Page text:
Allegedly, this is JFK.
 

Per the auction catalog: “Very fine President John F. Kennedy plaster sculpture head.” Very fine indeed. Also evidently AX CRAZY.
 
More wax Presidents after the jump…

Posted by Ron Kretsch | Leave a comment
All you need is war: The Beatles vs. Hitler in the most fucked-up movie ever made
01.04.2017
02:02 pm

Topics:
History
Music
Stupid or Evil?

Tags:
The Beatles


 
If you thought the movie version of Sgt. Pepper’s Lonely Hearts Club Band was bad—and it is—here’s something that will really curl the toes of your Beatle boots.

All This And World War ll mashes up archival WW2 film footage with gung-ho Hollywood war epics and then tosses in a weird mix of rock stars covering Beatle tunes for its soundtrack. It manages to achieve a soul-deflating awfulness while occasionally allowing little worm like glimmerings of brilliance to ooze through the sprocket holes. Had it not been produced by 20th Century Fox, it might be mistaken for a long lost underground film directed by dadaist acidheads with a lot of rock and roll musicians for friends.

When it was released to theaters in 1976, ATAWW2 lasted all of a couple of weeks (critics hated it, audiences stayed away) before being pulled by Fox and buried forever. It has never appeared on VHS or DVD. Rumor had it that Fox had destroyed every existing print and negative of the movie (not true, but they probably should have). Even bootleggers found it close to impossible to unearth a copy.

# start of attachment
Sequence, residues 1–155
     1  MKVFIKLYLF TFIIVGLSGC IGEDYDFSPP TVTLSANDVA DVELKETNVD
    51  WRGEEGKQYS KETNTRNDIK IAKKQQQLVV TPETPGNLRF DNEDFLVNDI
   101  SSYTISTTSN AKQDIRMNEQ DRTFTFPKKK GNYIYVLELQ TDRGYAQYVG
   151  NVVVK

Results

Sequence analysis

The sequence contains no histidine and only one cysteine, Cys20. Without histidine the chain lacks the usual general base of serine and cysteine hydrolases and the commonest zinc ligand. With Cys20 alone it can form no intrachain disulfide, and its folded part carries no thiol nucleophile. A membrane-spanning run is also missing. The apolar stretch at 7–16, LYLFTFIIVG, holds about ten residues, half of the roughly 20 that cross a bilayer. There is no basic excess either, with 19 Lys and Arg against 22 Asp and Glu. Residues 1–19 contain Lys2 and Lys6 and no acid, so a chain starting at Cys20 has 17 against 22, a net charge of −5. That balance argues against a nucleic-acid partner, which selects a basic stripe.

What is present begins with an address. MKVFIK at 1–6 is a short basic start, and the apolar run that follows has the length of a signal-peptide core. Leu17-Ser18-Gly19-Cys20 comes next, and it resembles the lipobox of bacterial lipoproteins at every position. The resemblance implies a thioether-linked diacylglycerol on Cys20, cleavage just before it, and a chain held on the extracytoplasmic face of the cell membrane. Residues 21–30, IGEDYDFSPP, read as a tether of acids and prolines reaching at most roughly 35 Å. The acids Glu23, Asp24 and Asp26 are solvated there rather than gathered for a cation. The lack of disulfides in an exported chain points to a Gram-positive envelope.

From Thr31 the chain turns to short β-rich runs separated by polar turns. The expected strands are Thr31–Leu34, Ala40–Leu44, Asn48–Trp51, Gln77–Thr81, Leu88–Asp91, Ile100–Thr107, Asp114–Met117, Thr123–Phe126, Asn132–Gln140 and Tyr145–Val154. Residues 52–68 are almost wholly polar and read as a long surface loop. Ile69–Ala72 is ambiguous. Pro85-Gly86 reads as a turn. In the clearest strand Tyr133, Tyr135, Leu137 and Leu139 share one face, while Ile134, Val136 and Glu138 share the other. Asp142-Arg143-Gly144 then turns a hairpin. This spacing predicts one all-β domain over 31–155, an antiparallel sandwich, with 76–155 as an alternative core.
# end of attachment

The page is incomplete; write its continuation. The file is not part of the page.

Thanks to YouTube, it’s now possible to see this extravagantly misguided experiment as it lands on your screen with a sickening thud. An experiment that proves that if you put enough monkeys in an editing room and give them enough time and stock film footage they will create “something” that approximates a movie even if it’s no more than the cinematic equivalent of throwing shit against the wall.

I’m sure we can all argue which juxtapositions of song to images work, which ones are silly in the extreme or just plain irredeemably bad ... or all of the above. Helen Reddy singing “Fool On The Hill” as clips of Hitler unspool on the screen gets my vote for the movie’s maddest moment. Or is it Rod Stewart singing “Get Back” to footage of masses of goose-stepping Nazis? Or The Bee Gees singing “Golden Slumbers” as bombs drop on London and buildings explode in a maelstrom of smoke and fire? I don’t know. The film offers so many choices that my bad taste meter never left the red zone. And frankly, that alone is enough for me to recommend this anal wart of a movie.

Watch this thing, after the jump…

Posted by Marc Campbell | Leave a comment
‘Secrets of the Striptease Queens’

00stripq1.jpg
 
Reporter Jack Griffin went in search of the “Secrets of the Strip Tease Queens” sometime in the early 1950s. He visited Minsky’s Burlesque Theater on State and Van Buren, Chicago, to find the answer. There he met with stripper Bobbi Bruce who told him:

“Honey, I guess you can sum up this business in one sentence. You grab as much sex as the law is allowing at this time, and throw it across the footlights as hard as you can.”